Yet, as the years went on, to borrow from a certain popular contemporary musical, I perpetually found myself on the outside, always looking in. In parallel with my emerging career as a composer, I had tried to translate my interest in theatre and experience with writing and conducting into working on musicals in various capacities. Yet, while I certainly gained useful experience with these opportunities, none of them ever seemed to gain much of any traction.
It Sounds Like You Could Use an Orchestrator
One late September night in 2019, an actor with whom I was acquainted by the name of Dayjan Lesmond excitedly told me about a song that he had written as part of an upcoming show. He went on to explain that he planned to perform it with a flashmob of singers at Nuit Blanche a little more than a week later, and that he was looking for someone who could produce a backing track for him. After a little further prodding to find out what I could do to help him bridge the gap between what he had and what he needed, I turned to him and said that it sounded like he could use an orchestrator.
With no time to waste, Dayjan sent me a rough demo recording and a copy of a barebones piano/vocal score for a song called “Time for Me,” sung by a puckish character called the Procrastination Fairy. Trusting that the inside of my head sounded like what he really meant, he gave me free rein to completely rework the arrangement to express his true artistic intentions — or, at least, my interpretation thereof.
I am, as you know, no stranger to tight deadlines. However, this opportunity came when I was barely seven months post-concussion; my condition was still wildly unpredictable, everything that I had done to that point in my rehabilitation had come as a struggle, and I only had a short window in which to turn this track around.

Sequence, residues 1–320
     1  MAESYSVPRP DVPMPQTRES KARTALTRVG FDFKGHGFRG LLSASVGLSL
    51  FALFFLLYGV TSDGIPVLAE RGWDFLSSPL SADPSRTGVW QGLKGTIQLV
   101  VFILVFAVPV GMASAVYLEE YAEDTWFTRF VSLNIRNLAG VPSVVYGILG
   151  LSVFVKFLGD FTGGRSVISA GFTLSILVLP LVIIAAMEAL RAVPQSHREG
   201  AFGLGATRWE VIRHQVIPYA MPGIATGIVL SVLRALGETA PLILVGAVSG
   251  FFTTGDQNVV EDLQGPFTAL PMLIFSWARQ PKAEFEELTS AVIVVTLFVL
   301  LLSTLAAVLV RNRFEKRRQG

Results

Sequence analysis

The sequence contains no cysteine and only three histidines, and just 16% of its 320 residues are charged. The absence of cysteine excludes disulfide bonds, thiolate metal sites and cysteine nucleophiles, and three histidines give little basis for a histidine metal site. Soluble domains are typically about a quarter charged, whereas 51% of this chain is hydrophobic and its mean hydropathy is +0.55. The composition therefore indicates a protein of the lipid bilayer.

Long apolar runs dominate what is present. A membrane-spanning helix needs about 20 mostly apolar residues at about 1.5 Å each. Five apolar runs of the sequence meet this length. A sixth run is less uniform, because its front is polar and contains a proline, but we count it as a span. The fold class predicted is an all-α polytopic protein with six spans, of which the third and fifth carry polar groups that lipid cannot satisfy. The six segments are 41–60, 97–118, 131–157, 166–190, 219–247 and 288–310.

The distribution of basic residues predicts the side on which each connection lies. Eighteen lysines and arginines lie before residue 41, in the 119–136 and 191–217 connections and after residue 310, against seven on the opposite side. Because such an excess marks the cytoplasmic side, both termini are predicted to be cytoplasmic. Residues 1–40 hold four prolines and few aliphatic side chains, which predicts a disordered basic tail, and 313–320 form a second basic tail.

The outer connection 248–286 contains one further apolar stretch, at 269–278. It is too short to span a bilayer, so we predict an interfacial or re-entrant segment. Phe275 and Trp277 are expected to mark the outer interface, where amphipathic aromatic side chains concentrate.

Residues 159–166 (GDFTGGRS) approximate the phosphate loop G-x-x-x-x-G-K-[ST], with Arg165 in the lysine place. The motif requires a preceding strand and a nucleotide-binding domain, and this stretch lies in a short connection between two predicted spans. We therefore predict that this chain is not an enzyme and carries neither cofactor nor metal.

To my surprise, as soon as I listened to his rough demo, I heard the Procrastination Fairy spring to life and every note of the fully-fledged accompaniment burst into my mind’s ear! It felt like something had unlocked in my still-fractured memory, as if I was remembering the music that was supposed to be there. In an uncharacteristic burst of clarity and lucidity (but a welcome return to form!), I worked at lightning speed, completing the arrangement of the two-minute song within 24 hours.
Working Backwards (and Forthwards?)
Just as I do when I am scoring a film, I prepared a track for Dayjan with a full and complete instrumentation, as close to fully-produced as possible, and ready for the screen (or stage… or street corner, in this case). In other words, I gave him the end result first.
Notwithstanding that this is precisely what was required, this is apparently backwards — at least, when it comes to musicals.
The process of developing a new musical often takes years at the best of times. I am given to understand that it typically begins with writing the show for piano accompaniment alone, and that only through the iterative process of workshops and development does orchestration get more involved, gradually adding instruments according to need, vision, and budget — mostly budget.
…and here I am with the audacity to skip a few steps — notably the parts where I get to haggle with producers over the number of musicians I can write for. Yet, Dayjan and I knew exactly where we wanted to end up, given the nature of the themes and concepts explored through the narrative, as well as the overall scope and style of the show.